One of the major aims at the outset of the project was to use historical recordings to compare styles of playing from different periods and to explore regional variants by country. However, it was soon discovered that there was one serious obstacle to this – namely, that the sample of existing recordings for any one composition in this repertoire is far too small to make any meaningful comparison. The few notable exceptions to this, for example, Ravel’s Piano Concerto in G and his Violin Sonata no. 2, have proved to be rich sources of material, but due to the quantitative limitations described above, the research was forced to take a natural turn towards a broad exploration of repertoire.

The repertoire in question has often been shunned by jazz enthusiasts as being failed attempts by classical composers to write successfully in the jazz idiom and is also an area often ignored by those in the classical music world who have thought it to be in some way lightweight, unsophisticated or even corny. Neither of these views does justice to the rich and diverse repertoire that the use of jazz has spawned in classical music, a phenomenon that may best be compared to the way folk music has been used, not just in modern times in the music of Bartok and Kodaly, but also in previous centuries with, for example, the chamber music of Haydn and Beethoven.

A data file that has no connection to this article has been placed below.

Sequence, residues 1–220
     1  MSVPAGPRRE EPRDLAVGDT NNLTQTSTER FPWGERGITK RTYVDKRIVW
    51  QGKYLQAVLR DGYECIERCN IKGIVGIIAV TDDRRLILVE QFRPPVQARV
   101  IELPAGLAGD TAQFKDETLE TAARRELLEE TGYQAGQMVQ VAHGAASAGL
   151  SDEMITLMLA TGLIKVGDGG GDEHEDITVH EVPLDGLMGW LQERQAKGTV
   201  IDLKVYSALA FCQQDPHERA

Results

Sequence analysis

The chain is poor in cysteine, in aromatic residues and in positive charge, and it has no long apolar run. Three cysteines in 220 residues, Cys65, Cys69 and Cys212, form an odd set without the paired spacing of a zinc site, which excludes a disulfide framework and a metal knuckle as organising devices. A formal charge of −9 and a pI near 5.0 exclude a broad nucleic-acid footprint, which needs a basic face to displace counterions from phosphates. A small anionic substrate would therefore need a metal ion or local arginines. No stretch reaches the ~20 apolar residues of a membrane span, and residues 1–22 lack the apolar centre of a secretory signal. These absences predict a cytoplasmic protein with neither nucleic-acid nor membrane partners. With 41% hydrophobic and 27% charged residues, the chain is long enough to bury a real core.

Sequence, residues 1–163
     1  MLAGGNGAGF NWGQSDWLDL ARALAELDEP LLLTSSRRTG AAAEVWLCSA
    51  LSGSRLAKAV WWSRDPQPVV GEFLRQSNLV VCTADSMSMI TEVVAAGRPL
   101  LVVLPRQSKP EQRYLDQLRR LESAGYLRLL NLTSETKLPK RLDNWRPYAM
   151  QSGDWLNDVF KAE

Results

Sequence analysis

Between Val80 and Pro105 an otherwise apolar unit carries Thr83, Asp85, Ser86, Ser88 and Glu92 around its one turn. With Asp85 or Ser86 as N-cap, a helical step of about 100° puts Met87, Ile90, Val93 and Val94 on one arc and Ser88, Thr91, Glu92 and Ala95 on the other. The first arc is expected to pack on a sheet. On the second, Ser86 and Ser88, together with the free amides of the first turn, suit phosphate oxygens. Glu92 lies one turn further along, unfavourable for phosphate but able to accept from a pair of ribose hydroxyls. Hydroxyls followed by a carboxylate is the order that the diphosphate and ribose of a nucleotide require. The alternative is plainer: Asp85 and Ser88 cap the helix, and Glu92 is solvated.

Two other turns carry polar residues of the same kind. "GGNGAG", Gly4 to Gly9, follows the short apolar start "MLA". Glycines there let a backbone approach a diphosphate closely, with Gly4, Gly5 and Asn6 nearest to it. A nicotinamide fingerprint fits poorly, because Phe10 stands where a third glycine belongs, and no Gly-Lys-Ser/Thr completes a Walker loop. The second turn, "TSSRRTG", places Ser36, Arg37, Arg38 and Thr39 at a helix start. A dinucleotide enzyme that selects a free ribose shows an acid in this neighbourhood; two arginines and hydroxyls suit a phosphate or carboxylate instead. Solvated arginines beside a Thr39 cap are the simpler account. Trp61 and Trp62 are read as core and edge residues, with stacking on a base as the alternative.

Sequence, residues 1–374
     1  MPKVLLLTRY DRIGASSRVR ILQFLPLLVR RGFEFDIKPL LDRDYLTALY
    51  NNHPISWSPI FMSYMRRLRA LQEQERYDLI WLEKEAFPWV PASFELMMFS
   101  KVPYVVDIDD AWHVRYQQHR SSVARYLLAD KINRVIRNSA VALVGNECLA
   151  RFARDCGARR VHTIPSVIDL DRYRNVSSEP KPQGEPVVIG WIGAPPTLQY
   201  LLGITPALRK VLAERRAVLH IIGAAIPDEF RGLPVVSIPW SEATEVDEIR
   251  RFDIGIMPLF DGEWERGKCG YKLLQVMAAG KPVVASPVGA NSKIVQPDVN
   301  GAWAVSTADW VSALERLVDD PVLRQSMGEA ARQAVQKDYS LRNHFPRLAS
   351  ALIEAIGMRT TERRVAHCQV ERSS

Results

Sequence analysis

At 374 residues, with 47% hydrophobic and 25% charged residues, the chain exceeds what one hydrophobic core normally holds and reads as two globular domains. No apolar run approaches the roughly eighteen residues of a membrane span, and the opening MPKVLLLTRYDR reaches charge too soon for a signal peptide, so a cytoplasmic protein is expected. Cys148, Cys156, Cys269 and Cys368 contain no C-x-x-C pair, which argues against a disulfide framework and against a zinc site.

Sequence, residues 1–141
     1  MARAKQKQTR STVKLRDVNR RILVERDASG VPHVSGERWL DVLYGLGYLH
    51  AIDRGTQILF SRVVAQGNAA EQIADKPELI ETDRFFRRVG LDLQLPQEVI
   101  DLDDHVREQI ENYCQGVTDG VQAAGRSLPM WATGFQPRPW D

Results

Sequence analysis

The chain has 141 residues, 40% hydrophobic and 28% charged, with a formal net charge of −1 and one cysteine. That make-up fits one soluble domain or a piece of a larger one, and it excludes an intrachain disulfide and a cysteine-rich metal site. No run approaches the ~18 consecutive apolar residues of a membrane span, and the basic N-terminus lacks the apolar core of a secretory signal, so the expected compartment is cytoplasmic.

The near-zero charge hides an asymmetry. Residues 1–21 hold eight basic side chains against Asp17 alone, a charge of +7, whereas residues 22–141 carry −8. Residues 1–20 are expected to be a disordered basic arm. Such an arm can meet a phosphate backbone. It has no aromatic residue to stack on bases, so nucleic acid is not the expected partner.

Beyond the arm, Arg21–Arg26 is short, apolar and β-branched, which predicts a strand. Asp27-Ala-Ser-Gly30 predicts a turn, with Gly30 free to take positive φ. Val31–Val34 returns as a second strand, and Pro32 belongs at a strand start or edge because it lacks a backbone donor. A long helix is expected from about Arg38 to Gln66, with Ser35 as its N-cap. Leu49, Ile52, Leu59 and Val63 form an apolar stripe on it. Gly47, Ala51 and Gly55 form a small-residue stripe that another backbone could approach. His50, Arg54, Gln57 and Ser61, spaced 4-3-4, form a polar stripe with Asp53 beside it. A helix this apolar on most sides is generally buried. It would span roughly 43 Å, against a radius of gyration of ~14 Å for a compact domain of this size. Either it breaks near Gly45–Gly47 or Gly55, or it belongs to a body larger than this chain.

The music of the American, George Antheil, self-styled “Bad Boy of Music”, and his use of jazz as a central compositional element in some of his works, notably his Jazz Symphony of 1925, is a good example of the type of music studied in this project. As with so many young composers of the time, Antheil was greatly influenced by Stravinsky. Stravinsky’s early contributions to this genre can be seen in his Ragtime for 11 Instruments and The Soldier’s Tale (both of 1918). These pieces were composed at the start of a period of worldwide dissemination of jazz following WWI. However, they were written at a time when Stravinsky had not even heard ragtime and were composed with reference only to sheet music. 1918 was also well before the term “The Jazz Age” was coined, with the publication of F. Scott Fitzgerald’s short story collection of that name in 1922. The “Jazz Age” is often said to have ended with the coming of the Great Depression although in reality it can be seen to have continued for much longer and was far more widespread than is often acknowledged. Indeed, in some parts of the world it was only at this time that jazz was becoming popular. This has led me to the devising of a new term, “The Universal Jazz Age,” a broad term covering trends in music, fashion, art, photography, architecture etc., that refers to a period which was both more widespread and longer lasting than the “Jazz Age” has often been seen to be. The reach of this popular cultural phenomenon in the 1930s and 1940s could be found as far afield as Shanghai, Bombay, Rio and Mexico City and important work in this area has been done by, amongst others, Naresh Fernandes in his Taj Mahal Foxtrot and Andrew F. Jones in Yellow Music.